Foreign powers agreed to shore up a shaky truce in Libya at a summit in Berlin on Sunday, but the meeting was overshadowed by oilfield blockades by forces loyal to leader Khalifa Haftar that could cripple crude output in the region.
Haftar, whose self-styled Libyan National Army (LNA) is bearing down on the capital, Tripoli, supported by Egypt, the United Arab Emirates, Russian mercenaries and African forces, attended the one-day summit in the German capital last week despite losing negotiations over a cease-fire.
Turkey has rushed forces to Tripoli and Syrian-backed Turkish fighters to help Libya’s internationally-recognized Prime Minister Fayez al-Serraj combat the attack of eastern commander Haftar.
Notwithstanding a lull in airstrikes and less combat over the past 10 days, heavy artillery fire exchanges could be heard late on Sunday from some front lines south of Tripoli, residents said.
Libya has not had a functioning central authority since 2011 when NATO-backed rebels overthrew Dictator Muammar Gaddafi. It has had two rival governments for more than five years, in the East and the West, with armed groups patrolling the streets.
German Chancellor Angela Merkel told reporters that a preliminary truce in Tripoli over the past week should be converted into a lasting ceasefire to enable a diplomatic process to take place at the Berlin Summit, attended by the main supporters of rival Libyan factions.
A special committee consisting of five soldiers from each side would oversee the ceasefire, she said. Foreign powers involved in Libya committed to maintaining an established U.N. She added: Weapons embargo and stop shipping weapons there.
Serraj and Haftar did not meet in Berlin, Merkel said, highlighting the gulf between the two.
“We know that we have not solved all of Libya’s problems today but we were aiming for fresh momentum,” she said.
Haftar, the most powerful figure in the East, has won support from a number of foreign allies for an attempt to capture Tripoli in the North, while Turkish support for Tripoli’s repelling effort has turned the conflict into a proxy war. The fighting for the capital has displaced more than 150,000 people.
OIL OUTPUT TO TUMBLE ‘IN DAYS’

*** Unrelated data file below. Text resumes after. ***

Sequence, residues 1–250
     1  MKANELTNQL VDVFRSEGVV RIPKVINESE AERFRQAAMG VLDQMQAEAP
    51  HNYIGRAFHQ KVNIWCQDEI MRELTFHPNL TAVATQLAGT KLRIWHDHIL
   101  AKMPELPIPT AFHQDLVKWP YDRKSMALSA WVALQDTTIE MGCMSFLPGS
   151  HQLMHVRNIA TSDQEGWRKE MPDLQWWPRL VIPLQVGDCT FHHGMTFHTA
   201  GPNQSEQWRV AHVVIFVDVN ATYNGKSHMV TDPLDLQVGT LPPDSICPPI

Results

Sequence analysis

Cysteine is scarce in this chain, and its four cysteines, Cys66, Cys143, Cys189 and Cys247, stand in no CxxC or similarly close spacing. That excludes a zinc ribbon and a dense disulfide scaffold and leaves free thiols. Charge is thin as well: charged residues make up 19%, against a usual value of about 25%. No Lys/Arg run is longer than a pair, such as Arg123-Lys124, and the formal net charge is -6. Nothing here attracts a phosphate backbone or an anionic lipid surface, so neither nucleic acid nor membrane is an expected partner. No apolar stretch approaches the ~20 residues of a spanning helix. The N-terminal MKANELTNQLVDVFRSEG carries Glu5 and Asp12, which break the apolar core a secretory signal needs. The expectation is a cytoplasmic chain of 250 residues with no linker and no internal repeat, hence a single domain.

A week ago Haftar left a Turkish-Russian meeting and intensified the dispute on Friday after the closure of the eastern oil ports. Libya’s National Oil Corporation (NOC) has said that Haftar’s forces directly ordered the shutdown.
On Sunday, after forces loyal to Haftar shut down a pipeline, NOC said the main southwestern fields of El Sharara and El Feel were closing.
The closures would slash Libya’s oil output from 1.2 million BPD to 72,000 barrels a day (BPD) in just a few days unless the blockages are removed, the NOC said.
Every lasting closure could hit Tripoli hard as the government is relying on oil revenues to finance its budget.
U.N. Secretary-General Antonio Guterres said he was very worried about the closure. German Foreign Minister Heiko Maas said Serraj and Haftar had “in general” agreed to solve the output blockage, without giving a time frame.
U.S. Secretary of State Mike Pompeo told reporters that progress had been made toward a full-fledged truce in the war in Libya, adding that he hoped the negotiations would reopen Libyan oil facilities.
The east under Haftar has made efforts to export oil, bypassing the NOC, to acquire a greater share of oil revenues.
The Summit was attended by Pompeo and European and Arab leaders, and Haftar’s forces published images of him meeting with Merkel and French President Emmanuel Macron. Foreign Minister Anwar Gargash of the United Arab Emirates tweeted on Sunday night that the UAE supported efforts by the Berlin Conference to seek a political solution to the Libya crisis.